One of my favorite nursing expressions is "Always double glove for dirty situations." It is very important, but the saying "save your backs" is far more crucial in our lines of work, while handling patients or making sure you've charted precisely. On a recent contract assignment I worked in a telemetry unit that had 4 nurses sustain back injuries in the same week, caring for the same patient.
According to the American Nurses Association, research on the impact of musculoskeletal injuries among nurses show that 52% complain of chronic back pain, 20% transferred to a different unit, position, or employment because of lower back pain, 12% considering leaving profession and 38 percent suffered occupational-related back pain severe enough to require leave from work. OSHA report estimates that the incidence rate for back injuries involving lost work days was 181.6 per 10,000 full-time workers in nursing homes and 90.1 per 10,000 full-time workers in hospitals annually.
Attempting to advocate for the nurses I was working with, I met with the physical therapy and occupational therapy department supervisor to pitch the idea of incorporating proper body mechanics and lifting techniques and tools education to the annual nursing competency evaluations, but the response was that it would probably not be viable due to budgets and staff overtime.
I have participated in such competency program that incorporated PT and OT teaching for proper patient handling and utilization of proper equipment during lifting and transferring patients, and don't think that those little patients won't hurt your back either, always using proper body mechanics and lifting tools regardless of patient size is ideal to conserve your backs.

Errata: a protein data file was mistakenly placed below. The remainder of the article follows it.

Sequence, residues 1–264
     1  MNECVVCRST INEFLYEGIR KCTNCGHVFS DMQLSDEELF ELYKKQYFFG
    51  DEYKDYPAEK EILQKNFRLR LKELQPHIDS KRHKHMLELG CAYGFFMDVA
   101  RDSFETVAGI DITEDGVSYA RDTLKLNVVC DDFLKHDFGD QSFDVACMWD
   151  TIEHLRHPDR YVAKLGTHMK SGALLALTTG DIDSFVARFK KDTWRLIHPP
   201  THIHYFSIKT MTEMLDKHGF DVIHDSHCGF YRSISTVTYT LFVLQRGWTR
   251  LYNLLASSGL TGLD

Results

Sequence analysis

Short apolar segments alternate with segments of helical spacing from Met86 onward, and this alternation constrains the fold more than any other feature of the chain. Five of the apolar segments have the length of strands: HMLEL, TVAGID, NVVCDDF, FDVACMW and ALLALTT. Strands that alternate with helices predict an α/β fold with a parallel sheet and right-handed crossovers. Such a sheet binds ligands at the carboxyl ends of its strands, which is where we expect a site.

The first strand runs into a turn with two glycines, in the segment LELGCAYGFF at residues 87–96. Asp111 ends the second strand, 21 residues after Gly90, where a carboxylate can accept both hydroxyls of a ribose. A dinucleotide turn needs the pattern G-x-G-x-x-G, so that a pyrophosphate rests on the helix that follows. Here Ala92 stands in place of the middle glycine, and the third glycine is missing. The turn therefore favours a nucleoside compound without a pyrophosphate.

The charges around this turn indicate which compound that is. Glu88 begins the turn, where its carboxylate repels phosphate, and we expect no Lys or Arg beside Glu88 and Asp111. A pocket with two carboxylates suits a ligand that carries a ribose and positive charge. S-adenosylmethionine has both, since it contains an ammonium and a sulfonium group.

I have found out that an important thing to remember is not to rush things, if you attempt to lift or transfer a patient in a hurry, you increase your chances of injuries. Also, team work, the more the merrier. Take that second to look for and/or to help your coworkers. Lifting and transferring patients in a group is easier for everyone involved. Keep equipment easily available in your unit, some units have an specific storage room for walkers and wheelchairs, keep hair belts some place you can easily find and use. Protect yourself and your patients, ask your supervisors for body mechanics and lifting techniques courses for the staff.
The Dude Nurse
Klaus Campos, BSN-RN